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Spinning up aronian, the C720 x86 Chromebook
Tags: [debian] [chromebook] [x86]
Published: 09 May 2015 09:06

Using the Samsung ARM Chromebook as my daily driver since June 2014 has been great, but during the beginning of this month I started looking for something different. I had found myself recompiling the kernel too many times after forgetting something. The latest trouble was connecting to my new workplace’s VPN: xl2tpd + ipsec didn’t work, and neither did l2tp-ipsec-vpn-daemon (which autoconfigures xl2tpd + ipsec). Was it because I forgot a CONFIG option, or was I misconfiguring the two daemons? I didn’t know, and never figured it out, but I started to question using the ARM Chromebook with my own kernel as a daily driver if using it continued to be problematic.

Not only was kernel misconfiguration a concern, but there were parts that still didn’t work: the USB 3 port, the headphone / speakers, and HDMI output, to name a few. To get those to work would require hours of effort, effort that could be directed at other things - I didn’t want to spend the majority of my time on maintenance, I wanted to complete other projects.

So I started looking for a replacement laptop - x86, lightweight, good battery, etc (the ‘wants’ list hasn’t really changed).

I had heard that some x86 Chromebooks could have SeaBIOS flashed on them, and they would essentially be normal computers afterwards. John Lewis’ page on custom Chromebook ROMs has a list of Chromebooks that can be reflashed, and I chose the Acer C720. I chose it because it was inexpensive, had an upgradable SSD, and was x86. I chose the i3 edition because I wanted a more powerful daily driver, and had the idea in my head that a more capable instruction set would reduce battery usage (one instruction instead of many where applicable).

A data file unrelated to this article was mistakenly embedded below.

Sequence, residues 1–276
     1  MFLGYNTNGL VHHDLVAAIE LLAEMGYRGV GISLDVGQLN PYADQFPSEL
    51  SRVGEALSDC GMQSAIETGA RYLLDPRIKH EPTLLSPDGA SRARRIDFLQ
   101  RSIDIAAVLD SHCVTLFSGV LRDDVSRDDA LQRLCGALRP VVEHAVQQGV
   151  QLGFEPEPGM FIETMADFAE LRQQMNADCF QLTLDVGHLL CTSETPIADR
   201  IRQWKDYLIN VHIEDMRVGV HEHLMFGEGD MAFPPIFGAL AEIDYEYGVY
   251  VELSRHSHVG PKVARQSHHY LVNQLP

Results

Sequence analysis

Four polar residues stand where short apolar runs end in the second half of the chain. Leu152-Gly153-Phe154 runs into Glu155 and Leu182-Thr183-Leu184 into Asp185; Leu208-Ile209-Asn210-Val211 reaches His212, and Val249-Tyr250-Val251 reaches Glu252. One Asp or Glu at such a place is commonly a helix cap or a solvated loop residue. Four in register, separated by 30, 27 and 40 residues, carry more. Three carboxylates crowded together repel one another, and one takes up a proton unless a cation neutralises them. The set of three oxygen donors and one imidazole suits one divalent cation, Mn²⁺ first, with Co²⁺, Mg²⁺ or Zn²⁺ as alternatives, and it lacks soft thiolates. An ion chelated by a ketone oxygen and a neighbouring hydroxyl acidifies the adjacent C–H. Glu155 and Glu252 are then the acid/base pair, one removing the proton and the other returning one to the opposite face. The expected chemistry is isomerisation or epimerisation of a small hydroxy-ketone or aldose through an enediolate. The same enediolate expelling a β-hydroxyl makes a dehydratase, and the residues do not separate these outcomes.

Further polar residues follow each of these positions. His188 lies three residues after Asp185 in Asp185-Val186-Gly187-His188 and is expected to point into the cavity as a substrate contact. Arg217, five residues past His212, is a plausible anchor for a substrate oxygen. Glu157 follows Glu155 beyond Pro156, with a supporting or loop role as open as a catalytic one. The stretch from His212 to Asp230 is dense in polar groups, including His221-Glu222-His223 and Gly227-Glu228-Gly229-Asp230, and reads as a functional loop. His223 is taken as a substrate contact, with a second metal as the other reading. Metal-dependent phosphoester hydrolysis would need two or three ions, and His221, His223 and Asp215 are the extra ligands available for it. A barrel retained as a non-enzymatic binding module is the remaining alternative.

The process for converting the Acer C720 from a Chromebook to a normal x86-64 machine is detailed in a post on titled “Another new Free Software machine: the Acer C720 Chromebook running Ubuntu”. Switching to SeaBIOS involves removing the write-protect screw on the motherboard, and calling a few commands from the Crosh shell in ChromeOS. This was a very easy process, and I had Debian Jessie installing off of a USB stick in minutes.

Everything works out of the box. A simple rsync from tal to aronian transfered my working set of files, and tal has a new home now.

It was also my intention to follow the process detailed in another post on titled “Switching to true coreboot on the C720”, but this didn’t work - I had to install the i386 version of Debian because the x86-64 version wouldn’t install off of the USB, and the flashrom that John Lewis’ site has is an x86-64 executable. In the future, I will compile an i386 version of flashrom myself and flash this machine - I suspect (given no evidence or reason) that the old version of SeaBIOS on this machine isn’t properly initializing something related to the processor, and for that reason x86-64 doesn’t work.

nosuchuser@aronian:~$ uname -a
Linux aronian 3.16.0-4-686-pae #1 SMP Debian 3.16.7-ckt9-3~deb8u1 (2015-04-24) i686 GNU/Linux